Friday, May 6, 2011
day zero / jour zéro
Hello, I'm Todd and I am an artist / bonjour je m'appelle Todd et je suis un artiste.
So maybe that will not work, but the positive parts of this is that Montreal is truly a Canadian city and fully aware of its duality of Languages, well at least its duex langues officielles anyway. And my work has been constantly moving away from speaking at all anyway, or at least speaking with out words. I arrived in Montreal after a little more than an hour of turbulence and it is more than slightly raining here - it is wet and pouring. Anne Bertrand meets me at the bus stop at Lionel-Groulx and we run to her car and go to my new home (for the next week) on Ste. Marguerite in the neighbourhood of Saint Henri. I will be residing at the CRUM residency - The Centre de recherche urbaine de Montreal (CRUM) is a symbiotic (parasitic) research group with no exhibition space of its own. It uses the pre-existing exhibition network to present diverse projects. The CRUM is an artists collective dedicated to exploring links between art and urban space. Once there we are greeted by Karen Elaine Spencer and Douglas Scholes; Doug is the Guardian of CRUM and a collective founder and also a great artist exploring aspects of urban wilderness and detritus (my words, not his).
We sit around and chat I try to collect my bearings and share that I have not really slept since I was traveling at six - had to be checking in by five and should leave home by four… why bother. After about an hour or so we depart and Anne drops Karen and off at a Metro station and we head downtown / Centre Ville where Karen and I grab some food and catch up. Karen is one of the most sensitive and perceptive artist I know and we chat about a spectrum of things and at one point she ask me about how I think my artistic career might have went if certain in my life had not happened?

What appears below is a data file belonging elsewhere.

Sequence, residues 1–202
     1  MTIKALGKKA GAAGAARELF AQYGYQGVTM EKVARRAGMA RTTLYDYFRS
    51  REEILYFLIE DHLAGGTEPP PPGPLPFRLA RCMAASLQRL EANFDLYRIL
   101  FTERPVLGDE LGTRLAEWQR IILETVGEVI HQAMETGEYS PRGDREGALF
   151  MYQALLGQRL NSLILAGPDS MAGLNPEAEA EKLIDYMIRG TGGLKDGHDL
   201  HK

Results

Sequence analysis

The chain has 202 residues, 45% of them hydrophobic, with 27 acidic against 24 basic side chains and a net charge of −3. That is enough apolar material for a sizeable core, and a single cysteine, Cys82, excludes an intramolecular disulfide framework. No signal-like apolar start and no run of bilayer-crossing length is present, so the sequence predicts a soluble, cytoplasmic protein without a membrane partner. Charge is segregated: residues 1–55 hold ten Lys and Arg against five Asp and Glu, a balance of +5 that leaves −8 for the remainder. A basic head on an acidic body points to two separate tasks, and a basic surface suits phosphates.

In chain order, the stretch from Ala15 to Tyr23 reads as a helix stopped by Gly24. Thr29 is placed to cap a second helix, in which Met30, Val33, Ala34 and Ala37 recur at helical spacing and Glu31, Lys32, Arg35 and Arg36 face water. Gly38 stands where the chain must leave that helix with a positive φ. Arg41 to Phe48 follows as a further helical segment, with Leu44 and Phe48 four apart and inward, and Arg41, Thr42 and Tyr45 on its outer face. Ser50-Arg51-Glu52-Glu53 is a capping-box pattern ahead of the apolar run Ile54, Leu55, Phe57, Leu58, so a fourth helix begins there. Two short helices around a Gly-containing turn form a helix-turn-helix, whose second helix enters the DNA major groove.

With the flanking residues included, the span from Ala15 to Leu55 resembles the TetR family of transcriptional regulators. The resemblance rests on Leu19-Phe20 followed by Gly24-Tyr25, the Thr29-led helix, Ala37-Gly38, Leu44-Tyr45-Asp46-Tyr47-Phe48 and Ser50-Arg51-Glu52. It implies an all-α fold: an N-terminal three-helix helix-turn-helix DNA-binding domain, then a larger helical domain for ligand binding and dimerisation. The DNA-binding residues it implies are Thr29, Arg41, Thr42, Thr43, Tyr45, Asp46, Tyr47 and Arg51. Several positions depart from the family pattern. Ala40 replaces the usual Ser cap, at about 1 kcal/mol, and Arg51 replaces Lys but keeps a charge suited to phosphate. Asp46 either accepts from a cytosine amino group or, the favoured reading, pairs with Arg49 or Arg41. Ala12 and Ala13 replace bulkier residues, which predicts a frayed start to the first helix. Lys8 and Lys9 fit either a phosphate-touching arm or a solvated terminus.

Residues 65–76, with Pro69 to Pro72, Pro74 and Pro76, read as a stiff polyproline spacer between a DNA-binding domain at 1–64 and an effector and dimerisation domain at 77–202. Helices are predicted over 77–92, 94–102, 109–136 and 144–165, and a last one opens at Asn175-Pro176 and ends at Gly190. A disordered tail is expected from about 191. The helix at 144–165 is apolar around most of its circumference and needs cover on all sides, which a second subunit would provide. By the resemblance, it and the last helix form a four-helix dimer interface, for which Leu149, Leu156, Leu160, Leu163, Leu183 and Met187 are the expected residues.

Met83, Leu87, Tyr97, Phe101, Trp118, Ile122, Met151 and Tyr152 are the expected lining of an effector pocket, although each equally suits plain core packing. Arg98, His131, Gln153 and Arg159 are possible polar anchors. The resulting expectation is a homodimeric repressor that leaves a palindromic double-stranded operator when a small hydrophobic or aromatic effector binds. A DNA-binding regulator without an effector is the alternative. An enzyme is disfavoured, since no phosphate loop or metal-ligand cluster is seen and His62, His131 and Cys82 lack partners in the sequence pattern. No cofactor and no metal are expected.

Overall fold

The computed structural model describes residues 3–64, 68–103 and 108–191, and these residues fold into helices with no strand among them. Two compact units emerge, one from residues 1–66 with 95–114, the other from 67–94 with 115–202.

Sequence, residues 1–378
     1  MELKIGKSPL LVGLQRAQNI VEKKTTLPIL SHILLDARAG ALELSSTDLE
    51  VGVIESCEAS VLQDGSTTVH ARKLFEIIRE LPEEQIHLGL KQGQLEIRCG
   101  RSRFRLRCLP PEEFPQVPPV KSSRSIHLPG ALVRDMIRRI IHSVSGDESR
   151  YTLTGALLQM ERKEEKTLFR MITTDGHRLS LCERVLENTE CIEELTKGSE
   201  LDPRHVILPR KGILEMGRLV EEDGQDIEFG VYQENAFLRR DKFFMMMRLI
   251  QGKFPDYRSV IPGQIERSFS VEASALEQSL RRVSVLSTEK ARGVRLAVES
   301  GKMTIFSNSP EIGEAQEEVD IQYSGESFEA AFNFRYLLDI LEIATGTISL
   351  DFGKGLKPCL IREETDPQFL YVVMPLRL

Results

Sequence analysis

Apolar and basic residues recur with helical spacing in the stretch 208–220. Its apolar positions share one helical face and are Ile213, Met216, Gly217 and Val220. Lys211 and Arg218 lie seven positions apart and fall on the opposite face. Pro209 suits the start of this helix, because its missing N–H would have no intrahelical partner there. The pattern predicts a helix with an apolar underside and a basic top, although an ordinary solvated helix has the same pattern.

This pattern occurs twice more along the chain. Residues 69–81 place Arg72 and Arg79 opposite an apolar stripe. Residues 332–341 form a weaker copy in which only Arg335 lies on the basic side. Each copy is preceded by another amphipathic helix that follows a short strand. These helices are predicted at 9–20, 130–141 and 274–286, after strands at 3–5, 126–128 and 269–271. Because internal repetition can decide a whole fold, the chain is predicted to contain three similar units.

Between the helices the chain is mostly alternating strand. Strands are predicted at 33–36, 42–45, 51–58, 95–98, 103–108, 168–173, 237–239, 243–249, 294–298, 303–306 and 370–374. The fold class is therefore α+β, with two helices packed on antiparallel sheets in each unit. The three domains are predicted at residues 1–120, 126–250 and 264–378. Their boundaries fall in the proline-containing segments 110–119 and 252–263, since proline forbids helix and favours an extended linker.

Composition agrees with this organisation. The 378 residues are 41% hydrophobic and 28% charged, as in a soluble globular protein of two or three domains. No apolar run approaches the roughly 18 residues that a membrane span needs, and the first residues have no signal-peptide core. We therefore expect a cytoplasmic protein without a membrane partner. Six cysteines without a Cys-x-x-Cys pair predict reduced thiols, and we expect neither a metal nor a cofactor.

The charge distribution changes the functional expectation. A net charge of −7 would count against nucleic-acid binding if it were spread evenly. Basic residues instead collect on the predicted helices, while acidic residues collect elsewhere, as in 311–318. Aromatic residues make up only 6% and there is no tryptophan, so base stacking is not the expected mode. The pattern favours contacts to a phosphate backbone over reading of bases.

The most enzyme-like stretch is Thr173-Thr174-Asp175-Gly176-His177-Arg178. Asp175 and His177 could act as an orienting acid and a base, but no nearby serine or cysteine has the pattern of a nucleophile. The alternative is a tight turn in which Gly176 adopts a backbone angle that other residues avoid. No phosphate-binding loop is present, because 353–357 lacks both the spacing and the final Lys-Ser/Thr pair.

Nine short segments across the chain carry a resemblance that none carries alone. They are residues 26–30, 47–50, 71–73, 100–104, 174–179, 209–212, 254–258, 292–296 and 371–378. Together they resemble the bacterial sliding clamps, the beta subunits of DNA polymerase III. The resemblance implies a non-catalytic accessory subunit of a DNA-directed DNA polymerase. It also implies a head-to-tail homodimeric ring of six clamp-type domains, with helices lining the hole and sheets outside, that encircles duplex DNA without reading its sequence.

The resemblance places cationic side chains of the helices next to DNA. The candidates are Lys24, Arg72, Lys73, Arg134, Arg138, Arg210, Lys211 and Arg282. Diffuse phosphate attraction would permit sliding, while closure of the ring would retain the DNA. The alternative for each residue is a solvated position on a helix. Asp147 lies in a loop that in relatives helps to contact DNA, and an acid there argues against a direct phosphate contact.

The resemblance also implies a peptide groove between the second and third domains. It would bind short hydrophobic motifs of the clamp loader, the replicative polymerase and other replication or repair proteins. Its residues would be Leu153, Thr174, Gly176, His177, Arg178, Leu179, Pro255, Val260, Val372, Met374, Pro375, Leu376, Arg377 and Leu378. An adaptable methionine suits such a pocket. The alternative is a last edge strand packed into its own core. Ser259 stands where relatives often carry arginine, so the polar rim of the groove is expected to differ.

I think I am probably rather dogmatic and maybe romantically practical (not practical in romance, but romantic about how practical I am) and respond that everything that has happened to me makes me who I am - both great and not so great -- we are all products of our environments and responding to those. I try really hard to take ownership of things that I mess up and to respond in the moment, to offer praise, to be honest with myself and those around me... we talk more and she opens her pack-sack and shows me a loaf of white bread and a spool of twine, not thread. We talk more about what she has planned and then she asks me about me - my least favourite topic - about loss and grief and about my changing body. We talk a bit about this and she ask to place the bread on a part of my body that is deficient (my words) or changed. As we are also talking about dance and dancing I immediately think about my feet - missing toe and all and since my feet have been such - pardon the pun - sore points for me I discredit that in my mind - I think of my legs - but lately my calves and think have grown larger and more firm so I think not. We talk about a project that I have shared with Karen about having my hands bound for 72 hours and I think no to this as well. More and more I am drawn to my face and mouth, my eyes. However, in the end I pick my neck. I think of dancers and the symmetry of bodies and the definition and definite lines of muscle and sinew. She slowly layers about six or seven piece of white bread on my neck and secures it by wrapping it with the thread. The bread smells of yeast of and carbs. I re-dress and we enter into the crowds at Place des Arts.
Later in the evening Karen notes that I look graceful and handsome and that people notice me - it probably has to do with the slices of bread wrapped around my neck - however I do notice that people notice me and stare. at the end of the evening the bread is dry and starting to crumble and I ask Karen to cut it off of me and we leave it to go back to the earth or at least to the pigeons.